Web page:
“We decided that our mission was to advocate for civil rights and self-determination for all autistic people, regardless of whether they were labelled ‘high’ or ‘low’ functioning and regardless of whether they were able to participate independently in our language-based network”
– Jim Sinclair, “Loud Hands: Autistic People Speaking”, page 30
To accomplish our mission to make the world safe and equal for neurodivergent people, we must consign “functioning labels” to our miserable past, and march forward into a future where all autistics see each other as equal and raise up each other.
We have heard terms to describe us such as “high-functioning”, “low-functioning”, “Autism Level 1”, “Autism Level 3”, “Aspergers”, and “severe autistic”. In many cases, we have internalized these terms and used them to separate us from other autistics. These terms are all a product of ableism, and serve to divide us so that we could not advocate together and agitate for the structural changes we need to have equal status in society.
In decades past, a scale was created by the medical community to define autism as a “spectrum”. On one end of a scale of functioning and independence, are the “high-functioning autistics”, the “Aspies”, the “Aspergers”, and the “Level 1 autistics”. When an autistic person requires few resources in order to meet their basic needs, communicates with spoken language, can hold a typical job, and can pass for a typical person, they are placed in this classification. On the other end of this scale are autistics who do not communicate with spoken language, require increased social support and care, and who wear their autism on their sleeve, the “low-functioning autistics”, the “severe autistics”, and “Level 3 autistics”. But this scale is inaccurate and harmful; it fractures us from each other.
Imagine that we classified Black people on a scale of how light or dark their skin was and referred to them as different classifications based on how typical people perceived their appearance, or we classified LGBTQ+ people based on how strongly their sexuality and gender expression deviated from heterosexuality and heteronormativity. It is highly demeaning, and promotes segregation rather than diversity. It places the most typical people, the white and heterosexual/heteronormative people as the healthy and normal people, and everybody who is not in that classification as sick and unhealthy. Racism, homophobia/transphobia, and ableism all come from this perspective that what is most typical is most healthy, and everything that deviates from the typical is unhealthy. So it is too with these classifications of functioning labels, “autism levels”, and naming us after doctors who “discovered” us (we were always here) and in many cases abused us.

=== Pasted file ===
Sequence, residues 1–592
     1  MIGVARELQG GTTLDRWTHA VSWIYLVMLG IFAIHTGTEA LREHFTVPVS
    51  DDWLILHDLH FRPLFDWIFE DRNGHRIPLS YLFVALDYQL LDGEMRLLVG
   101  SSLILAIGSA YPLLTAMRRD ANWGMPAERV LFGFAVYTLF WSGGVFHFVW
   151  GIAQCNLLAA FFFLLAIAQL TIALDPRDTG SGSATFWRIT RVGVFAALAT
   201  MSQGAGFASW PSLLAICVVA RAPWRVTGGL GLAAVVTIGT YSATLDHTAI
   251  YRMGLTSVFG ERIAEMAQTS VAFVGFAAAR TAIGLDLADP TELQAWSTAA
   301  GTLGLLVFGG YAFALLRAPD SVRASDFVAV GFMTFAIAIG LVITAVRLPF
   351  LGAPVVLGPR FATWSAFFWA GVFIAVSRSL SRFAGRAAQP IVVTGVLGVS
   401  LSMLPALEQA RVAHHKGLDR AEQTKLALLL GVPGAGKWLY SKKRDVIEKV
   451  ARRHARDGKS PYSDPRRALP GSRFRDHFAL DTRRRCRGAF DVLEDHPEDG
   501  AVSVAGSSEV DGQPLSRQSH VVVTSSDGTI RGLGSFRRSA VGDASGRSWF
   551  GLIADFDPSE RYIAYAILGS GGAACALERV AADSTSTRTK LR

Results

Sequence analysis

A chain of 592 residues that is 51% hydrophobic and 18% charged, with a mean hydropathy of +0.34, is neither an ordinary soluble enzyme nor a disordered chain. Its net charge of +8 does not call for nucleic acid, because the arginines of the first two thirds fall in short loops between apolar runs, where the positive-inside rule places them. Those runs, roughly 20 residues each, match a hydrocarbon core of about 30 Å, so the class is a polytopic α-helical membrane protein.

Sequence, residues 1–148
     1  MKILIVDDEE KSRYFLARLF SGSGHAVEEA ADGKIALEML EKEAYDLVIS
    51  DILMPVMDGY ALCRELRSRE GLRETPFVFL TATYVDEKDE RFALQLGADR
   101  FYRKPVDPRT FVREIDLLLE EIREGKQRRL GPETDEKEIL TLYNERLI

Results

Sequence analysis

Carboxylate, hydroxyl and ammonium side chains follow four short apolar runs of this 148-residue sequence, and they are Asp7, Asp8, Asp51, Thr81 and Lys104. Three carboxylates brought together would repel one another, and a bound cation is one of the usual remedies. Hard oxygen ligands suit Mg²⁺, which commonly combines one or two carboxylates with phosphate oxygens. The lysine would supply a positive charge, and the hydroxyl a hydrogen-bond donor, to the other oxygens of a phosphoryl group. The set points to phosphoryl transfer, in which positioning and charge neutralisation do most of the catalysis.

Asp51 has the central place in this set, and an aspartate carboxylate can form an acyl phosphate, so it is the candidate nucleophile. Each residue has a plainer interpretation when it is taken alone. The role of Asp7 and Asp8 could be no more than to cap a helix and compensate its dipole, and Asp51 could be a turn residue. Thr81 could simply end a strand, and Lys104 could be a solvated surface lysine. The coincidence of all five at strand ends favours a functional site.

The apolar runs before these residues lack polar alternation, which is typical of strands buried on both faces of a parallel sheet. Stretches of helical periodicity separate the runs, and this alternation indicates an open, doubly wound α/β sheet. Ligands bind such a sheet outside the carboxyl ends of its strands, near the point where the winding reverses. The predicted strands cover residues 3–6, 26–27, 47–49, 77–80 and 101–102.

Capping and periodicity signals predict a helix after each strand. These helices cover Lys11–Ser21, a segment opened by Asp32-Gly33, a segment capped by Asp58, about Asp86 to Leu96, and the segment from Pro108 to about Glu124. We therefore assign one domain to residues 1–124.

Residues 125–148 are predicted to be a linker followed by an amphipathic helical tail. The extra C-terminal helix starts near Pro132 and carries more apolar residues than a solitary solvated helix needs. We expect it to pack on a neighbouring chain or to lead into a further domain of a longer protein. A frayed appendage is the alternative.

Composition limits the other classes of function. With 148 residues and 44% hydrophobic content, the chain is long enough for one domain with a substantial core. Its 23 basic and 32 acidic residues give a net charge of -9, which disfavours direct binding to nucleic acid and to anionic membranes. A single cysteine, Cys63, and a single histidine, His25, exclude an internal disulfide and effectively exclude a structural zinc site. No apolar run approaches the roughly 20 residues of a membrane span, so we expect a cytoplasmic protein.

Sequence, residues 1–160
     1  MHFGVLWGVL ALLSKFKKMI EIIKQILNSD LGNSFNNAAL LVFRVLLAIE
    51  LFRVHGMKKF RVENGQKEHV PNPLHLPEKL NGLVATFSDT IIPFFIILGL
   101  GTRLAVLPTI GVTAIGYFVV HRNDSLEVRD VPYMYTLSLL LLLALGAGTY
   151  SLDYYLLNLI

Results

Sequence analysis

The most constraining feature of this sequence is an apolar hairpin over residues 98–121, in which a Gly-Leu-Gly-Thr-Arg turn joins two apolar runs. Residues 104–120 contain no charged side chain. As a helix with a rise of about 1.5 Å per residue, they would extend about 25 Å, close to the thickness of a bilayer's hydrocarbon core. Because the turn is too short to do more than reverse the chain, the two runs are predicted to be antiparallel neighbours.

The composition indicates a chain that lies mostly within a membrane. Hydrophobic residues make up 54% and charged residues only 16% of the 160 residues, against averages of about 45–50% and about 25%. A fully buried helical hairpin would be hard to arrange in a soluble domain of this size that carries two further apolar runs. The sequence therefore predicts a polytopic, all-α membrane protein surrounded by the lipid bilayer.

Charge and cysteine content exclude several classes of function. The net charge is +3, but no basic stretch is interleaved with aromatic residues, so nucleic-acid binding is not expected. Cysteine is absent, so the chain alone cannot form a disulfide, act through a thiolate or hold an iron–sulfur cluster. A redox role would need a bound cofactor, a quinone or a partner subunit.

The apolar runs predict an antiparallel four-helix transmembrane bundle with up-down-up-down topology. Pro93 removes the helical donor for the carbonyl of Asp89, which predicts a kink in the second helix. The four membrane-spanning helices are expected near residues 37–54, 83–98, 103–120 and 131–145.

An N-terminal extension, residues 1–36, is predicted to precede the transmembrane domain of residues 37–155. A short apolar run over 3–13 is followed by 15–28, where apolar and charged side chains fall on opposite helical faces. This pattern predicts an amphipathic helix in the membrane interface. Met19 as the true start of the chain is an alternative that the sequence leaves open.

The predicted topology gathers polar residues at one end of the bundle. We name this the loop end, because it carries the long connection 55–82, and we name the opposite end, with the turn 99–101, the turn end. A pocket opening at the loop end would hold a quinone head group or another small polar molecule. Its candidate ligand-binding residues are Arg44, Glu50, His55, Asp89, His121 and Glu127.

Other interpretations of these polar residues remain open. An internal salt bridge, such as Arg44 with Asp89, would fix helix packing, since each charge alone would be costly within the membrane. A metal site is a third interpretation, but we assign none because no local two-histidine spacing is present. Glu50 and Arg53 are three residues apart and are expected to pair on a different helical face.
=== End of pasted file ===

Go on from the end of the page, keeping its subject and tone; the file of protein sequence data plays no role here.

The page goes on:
Many of us have had this ableism imprinted on us, and we have internalized it. Many autistics still refer to themselves as “high-functioning” or “Aspies” to receive a higher status in typical society. We have to stop this. We have to stop playing into the hands of ableists.
Jim Sinclair noted how functioning labels had been used to discredit their input at autism conferences. They noted that people who opposed neurodiversity would:
1. If at all possible, deny that the persons…are really members of the group to which they claim membership (deny that the person is autistic)
2. If no reasonable doubt was presented that they were autistic, to say that they were the exception (too high-functioning) and could not speak for the majority
3. Appeal to prejudice; remark that it is dangerous for an autistic person to advocate for change, as disabled people cannot know what is best for them and require a typical, abled person in order to be their voice and speak on their behalf
When we regard these barriers to agitating for change, we see how functioning labels have hindered our cause. People classified as “high functioning” are unable to penetrate the conversations that ableist authorities are having about us without us, and people classified as “low functioning” are having their functioning level used to justify dehumanizing and objectifying them. “High functioning” is used to deny our voice. “Low functioning” is used to deny our capacity to know what is best for us.
The autism spectrum is not a scale of “severity” but a full expanding spectrum of abilities, disabilities, and needs. Each one of us knows what we need, and we each have the ability to communicate our needs in our language. The world needs to be fluent in more languages. We must stop referring to the scale of difference from typicality, and instead refer to the true Spectrum which extends in all directions.
It is the work of all autistics to challenge our own internalized ableism, and then work to raise up all other people on the Spectrum. We cannot do this divided; we will only be able to create that world together.